Sunday, 27 October 2013

The team regroups: Conservation Team Blog 23 October 2013

It was forecast for rain, and it did. Those of us optimistic – or daft - enough to think it worthwhile going in sat around in the shed, drank coffee and chatted. It was forecast to clear by mid-morning, and it did, but by now the ground was far too wet to rake grass on the steep bank above the Octagon Pond or do any of the other jobs planned. Increasing light encouraged an attempt at photographing falling leaves and the changing colours of autumn. The only other wildlife on display was a mini-crocodile of schoolchildren arriving at the Chapel.

After the rain
Over the summer months, we bloggers worked on the West Wood wildlife survey; others tended allotments in Gibside’s walled garden, mowed grass along The Avenue, around the Chapel and other places, or did useful jobs around the estate. Come Wednesday of the first week in October though, the Conservation Volunteer Team regrouped for a season of toil aimed at improving the wilder bits of Gibside for wildlife.

Building logpiles in the rain

Orange Peel Fungus (Aleuria aurantia)
It rained that day as well. In building the raised walkway from the new car park, trees had been felled or cut back. Logs and brash, piled up to rot down, make an attractive home for fungi, invertebrates, amphibians and small mammals; they, in turn, attract other wildlife. It was hard but satisfyingly constructive work – and, on this occasion, wet.
Autumn arrives on The Avenue
The following week we were back to the never ending task of pulling out saplings of the invasive, non-native Western Hemlock in Snipes Dene. Again, we were rained off. There’s a pattern developing here. And there’s still the grass to rake.
Western Hemlock
Coffee Break before the rain came
Emerging Fly Agaric
Steve Wootten & Phil Coyne

Saturday, 19 October 2013

The volunteering life ... meet Les

growing veg in the walled garden
Les Reay definitely has a claim to being our fittest volunteer after just cycling 2,500 miles around France! Here he explains how his first foray into the world of vegetable growing is progressing, and how volunteering in Gibside's Walled Garden is just one of his many adventures.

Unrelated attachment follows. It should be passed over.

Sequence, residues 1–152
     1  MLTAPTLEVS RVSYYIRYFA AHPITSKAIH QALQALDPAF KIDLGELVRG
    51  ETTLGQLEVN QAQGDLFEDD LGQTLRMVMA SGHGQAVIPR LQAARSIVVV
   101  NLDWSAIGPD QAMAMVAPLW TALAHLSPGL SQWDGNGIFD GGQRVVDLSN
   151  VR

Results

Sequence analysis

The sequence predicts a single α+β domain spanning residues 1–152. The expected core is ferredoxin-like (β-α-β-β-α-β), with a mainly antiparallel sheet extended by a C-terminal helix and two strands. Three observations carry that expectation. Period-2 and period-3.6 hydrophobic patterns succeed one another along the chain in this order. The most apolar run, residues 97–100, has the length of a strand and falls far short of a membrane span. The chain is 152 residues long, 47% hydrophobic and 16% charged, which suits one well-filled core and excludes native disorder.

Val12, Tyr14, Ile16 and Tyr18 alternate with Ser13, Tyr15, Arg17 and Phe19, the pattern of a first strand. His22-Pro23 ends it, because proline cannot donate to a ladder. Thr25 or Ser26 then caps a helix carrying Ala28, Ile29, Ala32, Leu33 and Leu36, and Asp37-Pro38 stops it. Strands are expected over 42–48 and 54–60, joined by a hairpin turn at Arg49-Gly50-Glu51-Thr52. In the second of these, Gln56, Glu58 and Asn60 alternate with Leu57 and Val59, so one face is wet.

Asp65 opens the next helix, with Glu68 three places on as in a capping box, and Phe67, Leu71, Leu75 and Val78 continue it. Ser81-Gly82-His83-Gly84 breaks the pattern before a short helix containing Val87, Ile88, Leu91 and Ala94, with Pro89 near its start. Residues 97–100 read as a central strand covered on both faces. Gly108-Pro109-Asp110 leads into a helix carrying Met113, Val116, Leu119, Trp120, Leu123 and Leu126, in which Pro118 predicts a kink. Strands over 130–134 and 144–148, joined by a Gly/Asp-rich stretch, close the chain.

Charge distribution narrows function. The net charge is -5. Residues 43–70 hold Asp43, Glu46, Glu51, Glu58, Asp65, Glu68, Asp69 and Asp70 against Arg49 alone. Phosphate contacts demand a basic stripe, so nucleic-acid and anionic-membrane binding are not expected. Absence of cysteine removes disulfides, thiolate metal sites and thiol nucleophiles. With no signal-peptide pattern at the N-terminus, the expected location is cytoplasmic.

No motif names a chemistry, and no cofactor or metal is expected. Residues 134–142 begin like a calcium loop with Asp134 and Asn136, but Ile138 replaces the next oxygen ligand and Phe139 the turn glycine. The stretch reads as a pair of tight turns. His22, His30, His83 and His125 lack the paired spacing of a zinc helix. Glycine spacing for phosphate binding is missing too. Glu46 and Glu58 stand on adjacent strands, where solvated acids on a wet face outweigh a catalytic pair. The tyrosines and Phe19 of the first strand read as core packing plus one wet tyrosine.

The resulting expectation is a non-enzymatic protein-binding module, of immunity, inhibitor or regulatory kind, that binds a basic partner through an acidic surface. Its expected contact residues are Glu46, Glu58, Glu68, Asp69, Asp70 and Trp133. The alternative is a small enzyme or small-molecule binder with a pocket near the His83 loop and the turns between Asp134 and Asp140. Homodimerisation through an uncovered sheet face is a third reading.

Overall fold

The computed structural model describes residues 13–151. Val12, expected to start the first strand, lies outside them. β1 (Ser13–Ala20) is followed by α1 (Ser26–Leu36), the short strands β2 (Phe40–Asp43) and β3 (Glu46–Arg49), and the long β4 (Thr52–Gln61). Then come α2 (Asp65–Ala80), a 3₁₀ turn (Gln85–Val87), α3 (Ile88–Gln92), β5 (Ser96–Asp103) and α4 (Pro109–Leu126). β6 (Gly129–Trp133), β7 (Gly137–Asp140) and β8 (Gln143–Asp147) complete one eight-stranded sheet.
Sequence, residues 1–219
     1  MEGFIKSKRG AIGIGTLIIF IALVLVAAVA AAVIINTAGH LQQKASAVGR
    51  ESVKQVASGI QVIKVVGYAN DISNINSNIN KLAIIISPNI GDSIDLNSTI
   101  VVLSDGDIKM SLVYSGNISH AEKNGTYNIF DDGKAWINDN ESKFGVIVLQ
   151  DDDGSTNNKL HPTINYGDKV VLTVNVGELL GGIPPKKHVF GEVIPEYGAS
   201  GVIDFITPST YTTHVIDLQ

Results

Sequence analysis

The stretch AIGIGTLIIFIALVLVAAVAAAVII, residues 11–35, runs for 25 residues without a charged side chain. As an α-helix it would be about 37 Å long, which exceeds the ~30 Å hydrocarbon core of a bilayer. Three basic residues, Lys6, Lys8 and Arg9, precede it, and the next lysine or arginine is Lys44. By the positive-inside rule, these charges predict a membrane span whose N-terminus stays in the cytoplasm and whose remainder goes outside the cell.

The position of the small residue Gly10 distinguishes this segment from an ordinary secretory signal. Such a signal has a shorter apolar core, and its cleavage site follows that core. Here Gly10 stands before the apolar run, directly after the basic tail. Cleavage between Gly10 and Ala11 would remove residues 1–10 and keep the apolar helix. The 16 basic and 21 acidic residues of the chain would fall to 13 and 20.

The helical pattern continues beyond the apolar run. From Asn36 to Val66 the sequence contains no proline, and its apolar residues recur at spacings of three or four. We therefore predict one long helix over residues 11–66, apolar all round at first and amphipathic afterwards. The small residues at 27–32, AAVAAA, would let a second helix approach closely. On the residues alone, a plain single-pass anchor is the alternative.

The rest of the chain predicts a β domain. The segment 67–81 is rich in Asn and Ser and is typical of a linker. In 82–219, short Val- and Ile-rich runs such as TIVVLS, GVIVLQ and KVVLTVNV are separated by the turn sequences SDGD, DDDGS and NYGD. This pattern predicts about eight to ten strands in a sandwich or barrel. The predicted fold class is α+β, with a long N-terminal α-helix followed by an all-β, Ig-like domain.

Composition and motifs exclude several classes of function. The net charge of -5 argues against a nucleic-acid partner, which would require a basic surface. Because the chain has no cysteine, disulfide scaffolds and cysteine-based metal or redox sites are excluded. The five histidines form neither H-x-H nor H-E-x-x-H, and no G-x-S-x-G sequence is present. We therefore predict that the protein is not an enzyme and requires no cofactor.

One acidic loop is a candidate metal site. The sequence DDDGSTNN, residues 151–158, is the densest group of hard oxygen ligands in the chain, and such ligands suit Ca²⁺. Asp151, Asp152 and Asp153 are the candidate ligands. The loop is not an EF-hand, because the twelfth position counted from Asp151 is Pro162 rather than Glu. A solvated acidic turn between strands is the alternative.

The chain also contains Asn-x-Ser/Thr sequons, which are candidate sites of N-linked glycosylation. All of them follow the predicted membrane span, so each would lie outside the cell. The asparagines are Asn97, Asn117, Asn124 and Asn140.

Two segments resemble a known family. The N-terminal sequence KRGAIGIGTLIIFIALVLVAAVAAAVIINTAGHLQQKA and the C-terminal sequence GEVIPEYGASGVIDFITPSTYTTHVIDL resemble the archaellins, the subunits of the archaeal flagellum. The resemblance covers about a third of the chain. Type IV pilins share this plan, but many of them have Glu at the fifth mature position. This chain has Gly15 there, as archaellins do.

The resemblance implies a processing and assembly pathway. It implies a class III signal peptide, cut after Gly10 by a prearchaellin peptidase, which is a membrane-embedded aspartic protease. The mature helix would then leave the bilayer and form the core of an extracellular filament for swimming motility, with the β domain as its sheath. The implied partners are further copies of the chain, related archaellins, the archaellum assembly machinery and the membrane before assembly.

When the day finally arrived last November where I could stop working and plan something completely different with my life, I knew it was an opportunity to start on something new. I'd always wanted to get to grips with gardening, and particularly with the small piece of jungle attached to my house. Until fairly recently, I'd worked in Germany for several years teaching English and my garden had been left largely to its own devices. In February this year, I joined the Thursday team in the walled garden to see how the experts do it and under Keith and Tam's guidance, as well as the encouragement of the other volunteers, I've entered a new world.

Les's tasty beetroot chutney
While weeding, planting, watering etc. form a large part of the work, I've also had the pleasure of growing my own vegetables on a small plot I share with some other volunteers. In May this year, I planted onions, beetroot and lettuce and it was a revelation to watch them grow then take them home to eat them! What's more, I recently cooked the onions and beetroot with apples and made 6 jars of tasty chutney, of which I'm very proud. The cooking process wasn't too complicated although my kitchen looked like the scene of a massacre when I'd finished, due to the beetroot.

Les & his bike at Col de Marie Blanque, 2013
The last few months have been about more than just gardening. In June, I set off on another project, to cycle around France. I loaded my bike with a tent, sleeping bag, camping stove and a ton of other stuff then took the train to Plymouth and the ferry to Roscoff in Brittany. Over eight weeks, I cycled along the Atlantic coast to Biarritz then over the Pyrenees to Perpignan. I'll never forget the sensation of cycling up famous mountain passes such as Col de Tourmalet, about 7000 feet up, and seeing the surrounding snow-covered peaks while skylarks sang overhead. My route took me into Spain then north through the Massif Central and along the Loire valley before following the Nantes to Brest canal to get back to the ferry.